A state Supreme Court ruling issued Friday found a commission examining legislative and executive branch pay exceeded its authority when it recommended a cap on outside income and also may put in doubt the legality of future pay increases for the Legislature.
The decision by Supreme Court Justice Christina Ryba keeps the pay raise intact for lawmakers that went into effect in January as well as the panel’s determination that leadership stipends or “lulus” be scaled back to only a handful of posts.
The ruling, issued in case backed by a conservative-leaning legal group, comes as several state lawmakers have challenged the findings of the pay commission.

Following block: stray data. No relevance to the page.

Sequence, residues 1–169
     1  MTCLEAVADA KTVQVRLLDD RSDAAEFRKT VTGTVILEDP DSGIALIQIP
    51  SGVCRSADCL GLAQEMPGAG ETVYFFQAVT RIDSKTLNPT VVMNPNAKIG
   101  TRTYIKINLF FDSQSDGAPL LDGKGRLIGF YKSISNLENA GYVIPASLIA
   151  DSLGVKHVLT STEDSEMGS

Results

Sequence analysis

The panel in December backed a phased-in pay increase for state lawmakers as well as members of Gov. Andrew Cuomo’s cabinet and statewide elected officials in New York. But the recommendations, made into law when lawmakers chose not to act legislatively, capped outside income at 15 percent of their public-sector pay.
Lawmakers’ salaries were due to grow to $130,000 in the coming years and currently stands at $110,000. Lawmakers received their first pay increase in 20 years in January, a boost from $79,500. The ruling may put in doubt the legality of the future phased-in hikes in pay for the Legislature.
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